Raise Your Internal Body Heat
Some people get cold easier than others. In fact, some individuals feel like a human thermostat. At the slightest sign of a breeze their teeth start chattering while others don't seem to be bothered by the breeze at all. If you're this type of person, you'll find that hot foods and liquids at this time of the year can be your best friend. You'll get warmed up instantly so that the breeze just doesn't seem to have such an effect on you anymore. You can also eat spicier foods to raise your internal temperature or exercise.
If you're used to going barefoot around the house, try wearing some socks or slippers instead. When your feet get cold it can make the rest of your body feel cold. For instant relief you can soak your feet in a basin of hot water while watching your favorite television show.
Wear Extra Clothes
Don't walk around the house in shorts and a T-shirt in the winter months. Dress for the weather inside instead. Decide on a stable temperature that you'd like to keep the thermostat set at during the cold months and then dress appropriately. This will keep your heating bills at bay.
Cook More Often
Use this time of the year to your advantage and do some down-home cooking. You'll get double the use out of your oven since you'll be able to enjoy hot meals that keep you warm while the oven will also act as a heat source while it's turned on.
Make Use Of The Sun
Open as many blind and curtains as you can to allow the sunshine to stream in on sunny days. At night, closing the blinds and window coverings will help keep the heat in.
Use A Hot Water Bottle
A hot water bottle gets the job done. You can have one beside you when you're relaxing and take one or two with you to bed at night. Dogs and cats also become natural hot water bottles and can help you stay warm. There's nothing better than having a warm furry doggie or kitty by your side when you're feeling cold!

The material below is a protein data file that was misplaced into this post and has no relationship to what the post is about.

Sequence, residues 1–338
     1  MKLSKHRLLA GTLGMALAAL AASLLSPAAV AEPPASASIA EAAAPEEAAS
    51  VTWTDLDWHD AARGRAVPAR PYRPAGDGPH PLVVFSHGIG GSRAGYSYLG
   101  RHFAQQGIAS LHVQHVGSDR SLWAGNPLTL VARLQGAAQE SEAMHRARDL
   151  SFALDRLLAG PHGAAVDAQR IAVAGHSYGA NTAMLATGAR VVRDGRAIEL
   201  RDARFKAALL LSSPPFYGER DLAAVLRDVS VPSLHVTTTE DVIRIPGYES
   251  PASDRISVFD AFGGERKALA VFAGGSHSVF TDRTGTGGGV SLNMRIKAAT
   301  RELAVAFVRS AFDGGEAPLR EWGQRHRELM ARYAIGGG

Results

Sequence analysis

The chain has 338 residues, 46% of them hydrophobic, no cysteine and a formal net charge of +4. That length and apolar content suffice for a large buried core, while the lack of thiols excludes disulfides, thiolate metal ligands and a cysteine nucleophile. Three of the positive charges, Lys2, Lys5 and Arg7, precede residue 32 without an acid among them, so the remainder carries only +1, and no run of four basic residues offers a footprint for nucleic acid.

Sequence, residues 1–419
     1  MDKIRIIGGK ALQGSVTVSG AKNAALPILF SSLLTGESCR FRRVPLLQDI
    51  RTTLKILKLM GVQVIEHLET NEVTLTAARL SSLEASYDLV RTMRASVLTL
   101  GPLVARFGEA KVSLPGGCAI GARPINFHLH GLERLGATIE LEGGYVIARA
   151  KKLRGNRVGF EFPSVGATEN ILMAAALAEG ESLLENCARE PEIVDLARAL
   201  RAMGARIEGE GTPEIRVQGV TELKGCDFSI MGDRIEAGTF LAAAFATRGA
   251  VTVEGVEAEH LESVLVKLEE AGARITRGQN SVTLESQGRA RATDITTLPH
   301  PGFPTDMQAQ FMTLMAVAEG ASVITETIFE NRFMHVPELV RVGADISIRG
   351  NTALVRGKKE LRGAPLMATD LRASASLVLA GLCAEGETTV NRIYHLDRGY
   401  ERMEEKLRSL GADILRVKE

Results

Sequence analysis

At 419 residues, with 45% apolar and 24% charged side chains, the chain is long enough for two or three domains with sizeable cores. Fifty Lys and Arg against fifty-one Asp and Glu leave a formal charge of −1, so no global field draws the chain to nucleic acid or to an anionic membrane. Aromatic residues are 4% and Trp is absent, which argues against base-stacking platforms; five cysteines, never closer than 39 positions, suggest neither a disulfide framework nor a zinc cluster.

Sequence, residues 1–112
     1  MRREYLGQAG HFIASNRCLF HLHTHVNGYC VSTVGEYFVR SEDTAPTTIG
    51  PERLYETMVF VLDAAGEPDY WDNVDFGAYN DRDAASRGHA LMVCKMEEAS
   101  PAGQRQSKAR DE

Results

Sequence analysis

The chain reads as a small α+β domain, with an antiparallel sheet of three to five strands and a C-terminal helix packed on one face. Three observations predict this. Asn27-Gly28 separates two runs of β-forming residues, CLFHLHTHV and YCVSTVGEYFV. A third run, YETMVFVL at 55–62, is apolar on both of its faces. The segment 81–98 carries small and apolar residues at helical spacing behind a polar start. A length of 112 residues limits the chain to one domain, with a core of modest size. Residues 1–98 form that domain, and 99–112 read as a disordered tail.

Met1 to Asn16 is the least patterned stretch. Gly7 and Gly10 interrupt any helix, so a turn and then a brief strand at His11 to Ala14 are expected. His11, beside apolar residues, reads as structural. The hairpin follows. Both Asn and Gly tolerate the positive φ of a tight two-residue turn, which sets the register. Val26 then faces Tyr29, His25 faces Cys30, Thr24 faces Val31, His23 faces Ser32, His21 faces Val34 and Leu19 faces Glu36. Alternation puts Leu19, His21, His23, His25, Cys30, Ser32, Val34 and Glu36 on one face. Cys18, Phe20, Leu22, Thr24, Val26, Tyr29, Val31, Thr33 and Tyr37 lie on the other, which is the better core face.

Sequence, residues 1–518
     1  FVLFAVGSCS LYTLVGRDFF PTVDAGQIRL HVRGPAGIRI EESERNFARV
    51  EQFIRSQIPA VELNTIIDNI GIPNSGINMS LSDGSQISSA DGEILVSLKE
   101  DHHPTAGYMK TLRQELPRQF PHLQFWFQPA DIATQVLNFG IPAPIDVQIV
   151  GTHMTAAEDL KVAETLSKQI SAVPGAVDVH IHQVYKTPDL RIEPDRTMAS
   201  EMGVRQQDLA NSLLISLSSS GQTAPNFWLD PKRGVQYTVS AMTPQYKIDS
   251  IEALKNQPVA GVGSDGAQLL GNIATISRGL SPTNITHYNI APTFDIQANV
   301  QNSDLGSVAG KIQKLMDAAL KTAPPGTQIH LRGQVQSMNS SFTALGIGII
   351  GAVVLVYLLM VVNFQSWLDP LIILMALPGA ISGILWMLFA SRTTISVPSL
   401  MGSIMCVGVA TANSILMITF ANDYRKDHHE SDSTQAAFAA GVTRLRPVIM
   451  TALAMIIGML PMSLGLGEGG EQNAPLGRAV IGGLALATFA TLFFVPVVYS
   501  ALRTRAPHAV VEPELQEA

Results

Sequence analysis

How Much is Wasted Heat Costing You?
As a Calgarian, you may be interested to know that the University of Calgary put a research team together to find out exactly how much wasted heat is being created in the city. A geography professor at the University by the name of Geoffrey Hay put together this project, which was developed due to his own personal concerns about his home.
Mr. Hay couldn't understand why his home was constantly cold so he used a thermal camera to track down the source of the heat loss. In his case it was due to heat escaping from a poorly caulked window and gaps on the edges of his doors.
The University of Calgary team is currently on a mission to map all of the homes in the city to show problematic sources of heat loss. The information is collected by a thermal imaging camera that is placed on board of a small plane. It's a very detailed mapping system that shows potential emissions from homes and suburbs.
So far single-family dwellings in the southwest and northwest sections of Calgary have been placed on the map, accounting for 38,000 homes. It's estimated that collectively these homes are losing about $4.9 million worth of heat annually according to the findings. It's interesting to note that some of the newer subdivisions are generally losing more heat than homes situated in some of the older Calgary communities.
It's an interesting study and one that hopefully will continue as long as more funding is contributed. In order to see for yourself what the findings are you can check out the website.
Prepare in Advance to Winterize Your Calgary Home
Winterizing a Calgary home is a process that should be handled thoroughly so no element is missed, as the cold can cost significant—and expensive—damage to a home. Reach out to a home maintenance professional to learn more about how to take care of a home in the winter months.